The hike overall took roughly a half hour to complete.
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Lenore Lake Caves — Sep 01, 2013 — Medusa La Stone
Day hike
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Took a quick hike to the top of Lenore Lake Caves ridgeline between swimming at Soap and Sun Lakes.....
Took a quick hike to the top of Lenore Lake Caves ridgeline between swimming at Soap and Sun Lakes... 90+ desert heat, made the trek sweaty, but the view was fabulous! Sage is ripe for the picking and a pair of Ravens followed us on our decent. Enjoy the summer while it lasts! ^_^
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Lenore Lake Caves — May 12, 2013 — Susan Elderkin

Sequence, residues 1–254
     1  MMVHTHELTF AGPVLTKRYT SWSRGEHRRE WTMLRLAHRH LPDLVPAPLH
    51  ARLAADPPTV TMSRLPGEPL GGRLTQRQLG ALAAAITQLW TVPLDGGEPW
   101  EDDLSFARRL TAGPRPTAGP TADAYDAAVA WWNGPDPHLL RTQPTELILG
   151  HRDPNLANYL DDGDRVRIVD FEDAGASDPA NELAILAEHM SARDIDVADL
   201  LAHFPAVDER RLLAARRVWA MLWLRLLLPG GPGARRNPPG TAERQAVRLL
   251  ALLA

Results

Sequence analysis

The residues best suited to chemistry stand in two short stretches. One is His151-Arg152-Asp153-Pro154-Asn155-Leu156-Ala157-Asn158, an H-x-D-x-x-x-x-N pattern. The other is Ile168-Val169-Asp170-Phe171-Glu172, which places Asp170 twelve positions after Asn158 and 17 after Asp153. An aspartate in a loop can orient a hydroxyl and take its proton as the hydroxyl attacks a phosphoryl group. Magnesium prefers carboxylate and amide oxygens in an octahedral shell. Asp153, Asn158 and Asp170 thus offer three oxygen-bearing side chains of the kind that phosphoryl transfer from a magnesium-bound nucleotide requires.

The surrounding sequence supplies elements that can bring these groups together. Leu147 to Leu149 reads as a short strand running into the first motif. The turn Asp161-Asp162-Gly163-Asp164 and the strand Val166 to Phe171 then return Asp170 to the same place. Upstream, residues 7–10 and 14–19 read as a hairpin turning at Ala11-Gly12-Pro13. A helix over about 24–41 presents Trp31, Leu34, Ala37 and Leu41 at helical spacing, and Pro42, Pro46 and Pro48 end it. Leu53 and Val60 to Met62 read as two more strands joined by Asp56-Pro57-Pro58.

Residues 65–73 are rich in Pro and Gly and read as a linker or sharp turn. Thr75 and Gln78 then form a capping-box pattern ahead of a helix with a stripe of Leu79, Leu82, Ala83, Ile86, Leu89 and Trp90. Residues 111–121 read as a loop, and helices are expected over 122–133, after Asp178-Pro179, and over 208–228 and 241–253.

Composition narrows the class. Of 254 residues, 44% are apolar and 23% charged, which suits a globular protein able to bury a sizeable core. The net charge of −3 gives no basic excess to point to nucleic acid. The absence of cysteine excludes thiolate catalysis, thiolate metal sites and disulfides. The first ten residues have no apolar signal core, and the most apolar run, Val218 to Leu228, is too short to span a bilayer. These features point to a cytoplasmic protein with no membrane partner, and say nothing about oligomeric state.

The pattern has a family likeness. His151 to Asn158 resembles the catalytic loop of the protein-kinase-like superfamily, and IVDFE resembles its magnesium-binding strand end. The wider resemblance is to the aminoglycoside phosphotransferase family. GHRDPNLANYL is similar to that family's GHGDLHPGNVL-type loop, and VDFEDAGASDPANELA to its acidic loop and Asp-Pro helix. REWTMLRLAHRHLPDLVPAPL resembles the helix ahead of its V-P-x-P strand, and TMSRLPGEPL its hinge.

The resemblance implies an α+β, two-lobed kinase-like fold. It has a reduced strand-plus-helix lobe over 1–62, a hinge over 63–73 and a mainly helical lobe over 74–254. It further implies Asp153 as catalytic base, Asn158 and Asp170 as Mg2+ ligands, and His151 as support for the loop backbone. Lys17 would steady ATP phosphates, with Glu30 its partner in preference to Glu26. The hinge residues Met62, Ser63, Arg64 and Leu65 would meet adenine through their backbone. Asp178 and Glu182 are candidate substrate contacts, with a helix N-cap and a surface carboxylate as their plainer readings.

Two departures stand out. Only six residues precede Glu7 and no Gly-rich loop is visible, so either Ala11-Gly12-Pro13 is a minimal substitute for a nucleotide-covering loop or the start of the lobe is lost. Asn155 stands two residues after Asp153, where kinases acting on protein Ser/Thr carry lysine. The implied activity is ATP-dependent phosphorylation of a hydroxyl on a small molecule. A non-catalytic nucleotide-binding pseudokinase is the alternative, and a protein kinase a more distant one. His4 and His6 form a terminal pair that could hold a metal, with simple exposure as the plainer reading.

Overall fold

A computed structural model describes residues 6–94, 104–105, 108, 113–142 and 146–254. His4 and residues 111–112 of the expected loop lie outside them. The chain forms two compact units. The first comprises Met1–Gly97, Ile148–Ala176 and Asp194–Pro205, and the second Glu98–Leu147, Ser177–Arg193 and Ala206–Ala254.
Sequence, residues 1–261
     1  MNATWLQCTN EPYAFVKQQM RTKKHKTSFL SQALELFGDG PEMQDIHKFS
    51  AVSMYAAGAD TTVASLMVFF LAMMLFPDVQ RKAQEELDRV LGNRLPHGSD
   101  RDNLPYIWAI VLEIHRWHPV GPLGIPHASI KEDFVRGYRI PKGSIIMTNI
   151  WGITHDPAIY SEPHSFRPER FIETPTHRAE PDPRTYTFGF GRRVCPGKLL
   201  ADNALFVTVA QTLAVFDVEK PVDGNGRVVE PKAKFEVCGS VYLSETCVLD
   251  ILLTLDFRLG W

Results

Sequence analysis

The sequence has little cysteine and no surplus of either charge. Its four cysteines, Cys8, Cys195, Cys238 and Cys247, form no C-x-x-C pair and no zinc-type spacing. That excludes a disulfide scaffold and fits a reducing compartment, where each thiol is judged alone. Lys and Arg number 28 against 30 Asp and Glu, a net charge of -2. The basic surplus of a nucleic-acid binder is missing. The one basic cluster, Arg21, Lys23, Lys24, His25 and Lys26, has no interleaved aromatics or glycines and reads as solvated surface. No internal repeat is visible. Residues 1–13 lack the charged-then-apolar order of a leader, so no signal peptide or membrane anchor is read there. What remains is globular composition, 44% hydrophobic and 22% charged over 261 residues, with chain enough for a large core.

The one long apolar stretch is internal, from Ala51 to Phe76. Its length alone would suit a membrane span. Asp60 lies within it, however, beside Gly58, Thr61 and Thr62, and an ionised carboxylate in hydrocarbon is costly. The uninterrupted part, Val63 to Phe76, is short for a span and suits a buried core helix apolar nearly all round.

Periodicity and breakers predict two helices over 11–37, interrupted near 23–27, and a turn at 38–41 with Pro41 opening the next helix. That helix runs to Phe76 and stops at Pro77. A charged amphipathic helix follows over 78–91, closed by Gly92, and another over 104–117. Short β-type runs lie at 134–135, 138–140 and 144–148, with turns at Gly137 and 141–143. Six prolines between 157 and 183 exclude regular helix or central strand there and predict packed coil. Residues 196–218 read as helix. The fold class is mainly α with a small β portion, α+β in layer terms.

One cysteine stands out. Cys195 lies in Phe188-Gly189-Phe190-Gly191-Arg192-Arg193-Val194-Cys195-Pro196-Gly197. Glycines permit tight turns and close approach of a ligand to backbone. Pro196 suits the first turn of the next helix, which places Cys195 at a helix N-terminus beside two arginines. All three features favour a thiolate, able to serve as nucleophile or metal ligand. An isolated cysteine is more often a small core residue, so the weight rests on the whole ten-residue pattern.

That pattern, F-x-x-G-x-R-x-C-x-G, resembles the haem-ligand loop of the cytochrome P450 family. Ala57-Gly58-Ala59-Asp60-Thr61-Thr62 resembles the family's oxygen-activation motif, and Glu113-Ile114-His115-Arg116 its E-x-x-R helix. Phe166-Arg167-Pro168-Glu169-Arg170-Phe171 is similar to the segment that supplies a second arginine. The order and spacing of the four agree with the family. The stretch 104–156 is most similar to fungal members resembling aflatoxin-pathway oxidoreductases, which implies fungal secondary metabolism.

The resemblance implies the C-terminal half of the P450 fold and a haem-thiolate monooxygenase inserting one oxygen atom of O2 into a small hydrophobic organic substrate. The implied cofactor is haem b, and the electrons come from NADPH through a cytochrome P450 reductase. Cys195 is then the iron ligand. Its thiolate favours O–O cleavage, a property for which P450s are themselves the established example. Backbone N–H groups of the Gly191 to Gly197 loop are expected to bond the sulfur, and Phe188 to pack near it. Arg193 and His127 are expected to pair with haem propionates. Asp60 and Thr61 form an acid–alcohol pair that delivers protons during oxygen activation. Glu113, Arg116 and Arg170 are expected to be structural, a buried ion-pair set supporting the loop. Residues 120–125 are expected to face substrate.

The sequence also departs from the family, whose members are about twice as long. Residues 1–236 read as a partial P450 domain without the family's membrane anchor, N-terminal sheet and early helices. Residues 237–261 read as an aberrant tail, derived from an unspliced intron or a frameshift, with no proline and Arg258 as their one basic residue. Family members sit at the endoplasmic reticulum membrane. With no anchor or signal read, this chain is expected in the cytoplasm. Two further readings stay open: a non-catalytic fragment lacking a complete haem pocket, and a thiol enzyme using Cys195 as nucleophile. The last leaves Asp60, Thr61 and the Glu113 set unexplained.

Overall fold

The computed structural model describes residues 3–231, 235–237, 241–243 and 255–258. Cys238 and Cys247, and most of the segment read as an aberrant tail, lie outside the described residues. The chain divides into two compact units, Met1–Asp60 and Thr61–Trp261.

Day hike
Features: Wildflowers blooming
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The drive along the Lower Grand Coulee between Soap Lake and Sun Lakes State Park has got to be one ...
The drive along the Lower Grand Coulee between Soap Lake and Sun Lakes State Park has got to be one of the most scenic unknown routes in the state. If you look carefully to the east as you drive, you will see up to a dozen caves dotting the basalt wall. These are the Lenore Lakes caves, created during the massive floods of the Ice Age and summer homes to native people 5000 years ago.